Is the 2015 F-150 SuperCrew Safer than the SuperCab or Regular Cab?
We recently reported that the 2015 F-150 scored top marks from the National Highway Traffic Safety Administration (NHTSA) in overall crashworthiness. That test should’ve put to bed any doubts that an aluminum truck can be just as safe for occupants as the equivalent steel truck. But that NHTSA test isn’t the only one out there.
The Insurance Institute for Highway Safety (IIHS) also tests vehicles, and in this author’s opinion, has a more stringent testing regime. The one that often makes news is the Small overlap front test, which is notoriously difficult to achieve a good score on. Getting a bad score often makes news, which is something every automaker wants to avoid.
According to Automotive News, the version of the F-150 that the IIHS would test is normally the SuperCrew version. However, according to research by the news organization, the SuperCrew has extra equipment around the front and rear axles that are missing on the other body styles.
The IIHS says that this extra equipment might help that truck crash better than the other body styles. Ford claims that the SuperCrew needs the extra equipment for structural reasons. It’s possible both could be right.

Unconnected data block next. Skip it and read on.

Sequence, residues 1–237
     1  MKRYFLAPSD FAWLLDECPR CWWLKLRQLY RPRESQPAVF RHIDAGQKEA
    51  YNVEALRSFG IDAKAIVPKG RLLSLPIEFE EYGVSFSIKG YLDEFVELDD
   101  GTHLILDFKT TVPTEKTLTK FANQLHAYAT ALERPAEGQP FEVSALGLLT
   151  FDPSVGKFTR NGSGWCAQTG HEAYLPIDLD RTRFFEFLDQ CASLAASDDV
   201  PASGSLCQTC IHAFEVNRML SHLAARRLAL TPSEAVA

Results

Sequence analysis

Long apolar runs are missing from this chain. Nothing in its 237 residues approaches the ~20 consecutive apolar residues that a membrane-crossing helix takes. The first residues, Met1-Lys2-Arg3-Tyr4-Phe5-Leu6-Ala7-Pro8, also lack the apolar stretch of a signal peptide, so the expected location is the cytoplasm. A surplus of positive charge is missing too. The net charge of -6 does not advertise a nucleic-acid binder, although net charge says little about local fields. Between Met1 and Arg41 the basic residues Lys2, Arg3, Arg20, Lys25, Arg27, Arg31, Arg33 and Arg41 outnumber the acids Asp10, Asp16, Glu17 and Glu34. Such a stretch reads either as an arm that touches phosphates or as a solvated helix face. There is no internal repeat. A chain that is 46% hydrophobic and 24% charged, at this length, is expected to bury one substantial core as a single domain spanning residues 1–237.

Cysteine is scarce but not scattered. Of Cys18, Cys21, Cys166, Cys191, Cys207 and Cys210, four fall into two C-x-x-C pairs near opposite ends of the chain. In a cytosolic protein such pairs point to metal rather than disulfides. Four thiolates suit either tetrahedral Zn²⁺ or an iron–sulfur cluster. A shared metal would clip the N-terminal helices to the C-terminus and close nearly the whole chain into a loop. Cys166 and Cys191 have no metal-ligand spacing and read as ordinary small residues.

According to the IIHS, based on Automotive News‘ discovery, they are going to test all cab configurations of the 2015 F-150 to see if there are any differences. Starting next year, they’ll be doing the same on all pickup trucks.
Now here’s where I start to have issues with this whole thing. The implication is that Ford made changes to the SuperCrew for the sole purpose of doing better in IIHS testing.
I can say, with relative confidence, that ALL manufacturers, when designing a vehicle, consider the IIHS test at one point or another. The IIHS testing gets more and more difficult over time, demanding that manufacturers construct safer and safer vehicles in order to do well. A vehicle that received a Good rating a few years ago might crash the same now, but only get a Fair rating.
What bothers me about the timing of the Automotive News article is that the results haven’t been shared. Not only do we not know how the SuperCrew did in the crash, but we also don’t know how the other cab configurations scored during their own independent testing.
The IIHS is working on a comprehensive safety report on the vehicle that’ll come out in July, which is when I’m assuming we’ll see the results of all the cab testing.
This story is only a story if the SuperCab and regular cab configurations score worse in the crash testing than the SuperCrew. If, in fact, it’s just extra support for the obviously larger vehicle, and all the trucks receive similar scores, then this rabble rousing article is a moot point.
Except, to tout that they helped the IIHS change their testing procedures?
What do you think? Be sure to check out the original Automotive News article and then let us know your thoughts over in the forums?
via [Automotive News]